Oakland was awarded federal grants in the amount of $7 million. The majority of the funding was supposed to go into thwarting terrorist attacks at the cities busy port, but instead the funds are being used in a new police initiative that will collect and analyze reams of surveillance data from different areas of the city. The new system will have gunshot detection in areas like the barrios of East Oakland and license plate readers will be mounted on police cars that patrol the upscale hills. The system is scheduled to start next summer.
Oakland is not the first city to tap into big data programs. New York City was also federally funded for its big data system. NYC’s system links 3,000 surveillance cameras with license plate readers, radiation sensors, criminal databases and terror suspect lists. Massachusetts used federal money to purchase license plate scanners and Texas bought a drone with homeland security money.
The new program has sparked controversy. Proponents of Oakland’s new initiative believe that it will aid police in lowering the city’s high crime rate. Critics have raised concerns that the program will also gather data on the everyday movements of the city’s law abiding citizens, which then raises both legal and ethical questions about tracking people’s lives so closely.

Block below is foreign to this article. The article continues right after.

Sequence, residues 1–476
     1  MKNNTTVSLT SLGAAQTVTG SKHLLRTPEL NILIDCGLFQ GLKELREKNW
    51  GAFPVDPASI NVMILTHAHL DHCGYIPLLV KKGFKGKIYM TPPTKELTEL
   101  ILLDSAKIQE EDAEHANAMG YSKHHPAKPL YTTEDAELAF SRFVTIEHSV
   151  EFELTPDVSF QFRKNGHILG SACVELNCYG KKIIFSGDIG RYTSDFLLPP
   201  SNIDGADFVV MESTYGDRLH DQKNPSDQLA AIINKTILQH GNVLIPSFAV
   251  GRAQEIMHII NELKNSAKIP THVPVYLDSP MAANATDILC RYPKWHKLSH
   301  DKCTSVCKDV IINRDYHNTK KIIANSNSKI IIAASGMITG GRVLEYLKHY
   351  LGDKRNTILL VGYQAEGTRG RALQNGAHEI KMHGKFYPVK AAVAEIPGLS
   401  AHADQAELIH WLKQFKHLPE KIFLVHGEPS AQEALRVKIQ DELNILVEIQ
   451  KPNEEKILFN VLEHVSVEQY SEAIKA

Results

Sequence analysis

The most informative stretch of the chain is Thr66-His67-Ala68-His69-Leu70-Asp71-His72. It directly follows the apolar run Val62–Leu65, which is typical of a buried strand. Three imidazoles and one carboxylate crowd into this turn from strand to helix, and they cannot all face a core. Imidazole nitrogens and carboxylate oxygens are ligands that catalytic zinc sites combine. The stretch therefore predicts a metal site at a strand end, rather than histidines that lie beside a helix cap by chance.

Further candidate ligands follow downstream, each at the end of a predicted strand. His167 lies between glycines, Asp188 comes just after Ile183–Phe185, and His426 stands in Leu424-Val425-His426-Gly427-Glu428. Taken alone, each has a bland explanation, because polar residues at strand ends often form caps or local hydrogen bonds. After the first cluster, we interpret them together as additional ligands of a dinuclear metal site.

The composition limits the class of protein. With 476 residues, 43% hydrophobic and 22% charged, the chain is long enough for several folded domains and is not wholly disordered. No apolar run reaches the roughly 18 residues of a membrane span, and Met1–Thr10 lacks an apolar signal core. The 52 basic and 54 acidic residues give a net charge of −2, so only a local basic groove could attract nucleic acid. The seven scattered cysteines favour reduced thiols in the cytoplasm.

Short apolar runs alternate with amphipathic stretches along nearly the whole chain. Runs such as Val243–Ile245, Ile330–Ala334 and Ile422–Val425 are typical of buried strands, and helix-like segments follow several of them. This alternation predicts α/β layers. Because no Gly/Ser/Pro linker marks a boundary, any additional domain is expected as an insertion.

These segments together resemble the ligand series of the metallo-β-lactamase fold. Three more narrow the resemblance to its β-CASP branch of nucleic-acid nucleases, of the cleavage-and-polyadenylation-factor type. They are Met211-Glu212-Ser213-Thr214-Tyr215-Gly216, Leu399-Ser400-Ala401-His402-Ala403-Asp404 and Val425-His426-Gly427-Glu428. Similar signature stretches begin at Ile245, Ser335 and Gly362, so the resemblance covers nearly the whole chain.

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Oakland City Council member Libby Schaaf said that because of the city’s high crime rate, “it’s our responsibility to take advantage of new tools that become available.” She added, though, that the center would “paint a pretty detailed picture of someone’s personal life, someone who may be innocent.”
The new system will give law enforcement a much broader view of the people involved in its investigations. Before this technology arrests were based on small amounts of data, witness testimony and the logs of license plate readers. It will make arresting the bad guys and convicting them an easier task.
Back in September, Oakland entered into a contract with the Science Applications International Corporation, or SAIC, to build its new system. SAIC was also hired to modernize New York City’s payroll system. This contract resulted in reports of kickbacks and SAIC paid the city $500 million to avoid federal prosecution. SAIC now operates under the name Leidos Holdings.
Oakland’s new center will be centrally located and will gather data around the clock from different sensors and databases. The data will be analyzed and some of the data will be displayed on a bank of giant monitors. The city hopes to staff the center around the clock. The center will be sent data from cameras located at the port, traffic cameras, license plate readers and gunshot sensors. Next summer the system will be integrated with a database that will allow law enforcement to tap into 911 calls.
If the system is a success school surveillance cameras and video data from the regional commuter rail system and state highways may be added on.
Edited by Alisen Downey